It is uncontested Messrs. Schooley, O'Connell and Rogers were avowed Union supporters. The fact that Mr. Harmon called Mr. Schooley at his home and inquired about Union activities, and the fact that Mr. Schooley felt a need to falsely deny his Union involvement evidences a context suggesting coercion. The same is true of the questioning of Mr. Rogers, prefaced by his supervisor locking the door of the tensile room. The merits of the alleged violation concerning Mr. O'Connell are perhaps the most convincing. He was questioned about his Union activities during a telephone call to his home and once on the job site, and he was informed management was going to "keep an eye" on him. Webco's recent history of unfair labor practices provides additional coercive context to each of these conversations. With good reason, Webco offers no defense in its brief to the allegation of attempting to ban Union discussion from a de facto break room during break time. Bearing in mind "a reviewing court must recognize the Board's competence in the first instance to judge the impact of utterances made in the context of the employer-employee relationship," N.L.R.B. v. Gissel Packing Co., 395 U.S. 575, 620 (1969), we uphold the Board's findings of the listed § 8(a)(1) violations.

Sec. 8(a)(3) Violations

The Board upheld the administrative law judge's findings that in discharging Mr. Leasman and in laying off Messrs. Morris, Rogers, Schooley, Wilson, Teague, Martin, Ruckman, O'Connell, and Williams, Webco violated § 8(a)(1) and (a)(3) of the Act.(14)


In an unfair termination action under the Act, "the General Counsel need show by a preponderance of the evidence only that a discharge is in any way motivated by a desire to frustrate union activity . . . ." N.L.R.B. v. Transportation Mgmt. Corp., 462 U.S. 393, 399 (1983). However, "proof that the discharge would have occurred in any event and for valid reasons amount[s] to an affirmative defense on which the employer carrie[s] the burden of proof by a preponderance of the evidence." Id. at 400. The employer "does not violate the NLRA . . . if any anti-union animus that he might have entertained did not contribute at all to an otherwise lawful discharge for good cause." Id. at 398. The Board concluded the general counsel had established its case, and Webco had failed to establish its affirmative defense. We agree.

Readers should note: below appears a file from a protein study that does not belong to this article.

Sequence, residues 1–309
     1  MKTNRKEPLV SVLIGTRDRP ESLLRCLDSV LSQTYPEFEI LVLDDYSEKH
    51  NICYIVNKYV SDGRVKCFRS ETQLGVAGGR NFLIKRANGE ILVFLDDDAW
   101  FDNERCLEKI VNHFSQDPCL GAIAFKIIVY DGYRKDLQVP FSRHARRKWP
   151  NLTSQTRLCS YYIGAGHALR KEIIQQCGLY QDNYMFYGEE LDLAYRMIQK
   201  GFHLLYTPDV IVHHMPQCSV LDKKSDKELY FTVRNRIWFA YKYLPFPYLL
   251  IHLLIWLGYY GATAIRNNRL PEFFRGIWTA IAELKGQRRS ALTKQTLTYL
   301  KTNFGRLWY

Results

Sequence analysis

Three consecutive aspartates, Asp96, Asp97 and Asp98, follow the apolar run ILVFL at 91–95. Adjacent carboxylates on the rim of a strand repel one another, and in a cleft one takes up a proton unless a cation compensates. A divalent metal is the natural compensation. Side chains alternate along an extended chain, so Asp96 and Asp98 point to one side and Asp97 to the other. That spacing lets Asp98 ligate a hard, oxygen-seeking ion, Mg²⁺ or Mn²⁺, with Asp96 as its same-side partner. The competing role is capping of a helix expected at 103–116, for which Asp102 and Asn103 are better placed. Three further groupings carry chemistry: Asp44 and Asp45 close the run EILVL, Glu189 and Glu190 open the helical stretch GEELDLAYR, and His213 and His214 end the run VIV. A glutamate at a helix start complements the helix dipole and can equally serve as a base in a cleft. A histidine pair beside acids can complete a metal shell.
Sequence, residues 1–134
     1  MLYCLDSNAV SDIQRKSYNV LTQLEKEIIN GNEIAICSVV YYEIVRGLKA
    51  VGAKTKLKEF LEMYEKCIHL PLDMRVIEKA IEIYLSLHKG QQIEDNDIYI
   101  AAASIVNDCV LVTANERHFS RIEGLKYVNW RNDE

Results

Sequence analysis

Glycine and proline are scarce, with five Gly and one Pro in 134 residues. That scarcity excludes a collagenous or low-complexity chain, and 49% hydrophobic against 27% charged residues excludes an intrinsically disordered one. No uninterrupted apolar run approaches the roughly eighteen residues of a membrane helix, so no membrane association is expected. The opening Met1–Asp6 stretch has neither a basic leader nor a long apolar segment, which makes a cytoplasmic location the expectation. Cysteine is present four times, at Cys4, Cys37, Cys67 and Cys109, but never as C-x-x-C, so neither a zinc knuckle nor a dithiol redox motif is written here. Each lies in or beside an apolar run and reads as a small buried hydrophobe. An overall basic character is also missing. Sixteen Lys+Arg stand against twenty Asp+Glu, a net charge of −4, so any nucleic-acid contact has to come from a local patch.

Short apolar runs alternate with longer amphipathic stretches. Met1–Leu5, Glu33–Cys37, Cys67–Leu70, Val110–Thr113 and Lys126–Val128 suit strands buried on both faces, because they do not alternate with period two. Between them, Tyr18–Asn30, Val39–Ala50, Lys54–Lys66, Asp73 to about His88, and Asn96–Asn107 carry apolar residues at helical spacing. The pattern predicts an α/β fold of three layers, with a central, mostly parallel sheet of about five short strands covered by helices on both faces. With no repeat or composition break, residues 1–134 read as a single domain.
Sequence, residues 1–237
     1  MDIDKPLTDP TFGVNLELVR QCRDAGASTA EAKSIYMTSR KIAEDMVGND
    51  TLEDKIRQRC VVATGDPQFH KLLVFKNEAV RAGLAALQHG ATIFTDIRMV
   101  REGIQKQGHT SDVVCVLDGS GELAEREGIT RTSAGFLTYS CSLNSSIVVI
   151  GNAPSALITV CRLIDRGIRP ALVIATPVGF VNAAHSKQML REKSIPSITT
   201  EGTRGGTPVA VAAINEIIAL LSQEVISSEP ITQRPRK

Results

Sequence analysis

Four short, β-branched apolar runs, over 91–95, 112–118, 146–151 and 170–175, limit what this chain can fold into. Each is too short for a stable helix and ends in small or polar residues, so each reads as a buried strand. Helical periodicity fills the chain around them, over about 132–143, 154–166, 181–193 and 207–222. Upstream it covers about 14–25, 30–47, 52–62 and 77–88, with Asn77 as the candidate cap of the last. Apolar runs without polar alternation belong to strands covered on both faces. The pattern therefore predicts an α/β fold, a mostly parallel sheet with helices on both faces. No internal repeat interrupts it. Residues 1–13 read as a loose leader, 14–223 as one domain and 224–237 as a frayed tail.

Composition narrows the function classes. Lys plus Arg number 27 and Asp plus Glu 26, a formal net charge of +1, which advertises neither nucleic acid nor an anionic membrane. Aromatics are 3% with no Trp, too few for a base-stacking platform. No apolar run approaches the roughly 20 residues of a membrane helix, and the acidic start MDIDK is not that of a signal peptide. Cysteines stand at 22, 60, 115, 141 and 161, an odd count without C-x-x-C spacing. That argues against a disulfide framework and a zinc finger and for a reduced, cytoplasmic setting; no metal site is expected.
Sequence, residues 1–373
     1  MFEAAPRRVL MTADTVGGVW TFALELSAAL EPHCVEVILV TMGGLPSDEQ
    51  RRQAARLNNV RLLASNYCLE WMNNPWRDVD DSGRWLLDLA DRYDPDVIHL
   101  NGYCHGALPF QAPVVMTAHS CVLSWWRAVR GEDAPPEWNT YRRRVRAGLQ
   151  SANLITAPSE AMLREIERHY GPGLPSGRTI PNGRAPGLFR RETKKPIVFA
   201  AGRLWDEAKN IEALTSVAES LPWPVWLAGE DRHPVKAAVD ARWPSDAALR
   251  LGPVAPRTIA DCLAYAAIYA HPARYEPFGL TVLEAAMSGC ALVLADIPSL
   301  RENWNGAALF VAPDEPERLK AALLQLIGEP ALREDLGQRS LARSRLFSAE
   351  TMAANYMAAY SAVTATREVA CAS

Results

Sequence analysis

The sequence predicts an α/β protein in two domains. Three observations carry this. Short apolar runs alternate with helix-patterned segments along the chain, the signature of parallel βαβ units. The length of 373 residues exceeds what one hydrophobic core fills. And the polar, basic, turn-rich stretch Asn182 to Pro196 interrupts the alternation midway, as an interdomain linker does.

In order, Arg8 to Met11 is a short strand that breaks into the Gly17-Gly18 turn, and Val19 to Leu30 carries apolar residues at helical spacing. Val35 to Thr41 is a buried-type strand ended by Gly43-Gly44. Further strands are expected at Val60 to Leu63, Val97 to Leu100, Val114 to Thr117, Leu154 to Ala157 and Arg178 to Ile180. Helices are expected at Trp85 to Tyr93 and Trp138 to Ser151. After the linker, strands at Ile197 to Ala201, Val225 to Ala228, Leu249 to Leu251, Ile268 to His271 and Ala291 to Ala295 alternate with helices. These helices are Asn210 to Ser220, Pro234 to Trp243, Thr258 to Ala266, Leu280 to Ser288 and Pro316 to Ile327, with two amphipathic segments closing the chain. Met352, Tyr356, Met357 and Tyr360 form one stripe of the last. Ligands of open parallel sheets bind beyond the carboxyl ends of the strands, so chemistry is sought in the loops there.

The record is replete with evidence of Webco's anti-union animus in the face of two successive Union organizing campaigns in 1997 and 1998, evidenced in particular by the damning testimony of its former executives, the prior unfair labor practice charges relative to the 1997 campaign, and the course of conduct leading to the § 8(a)(1) violations discussed above. All of the persons discharged were known Union activists, except Messrs. Leasman and Richard Teague, who were known relatives of Union organizer Jim Teague. Webco personnel monitored Union handbilling on August 19, 1998, the kick-off to the new organizing campaign. At this time, Messrs. Leasman and Richard Teague took handbills from Union organizer Jim Teague.

While Webco offered no explanation for the discharge of probationary employee Robert Leasman, it explained the discharge of the remaining nine alleged discriminatees was due to plant restructuring, a review of their personnel files and an evaluation of their attitude. The administrative law judge offered this concerning the personnel records upon which Webco relied:

The fact is for even the worst alleged discriminatee, certain sections support General Counsel's theory; for even the best alleged discriminatee, certain sections support Respondent's theory. Those employees among the 53 laid off, who are not claimed to be alleged discriminatees also had records which could be argued from either side. For good measure, my attention is also called to those employees not laid off who in some cases had equally inconsistent records. The result of this tidal wave of reports, evaluations, reviews, and the disciplinary write-ups is in my opinion, inconclusive.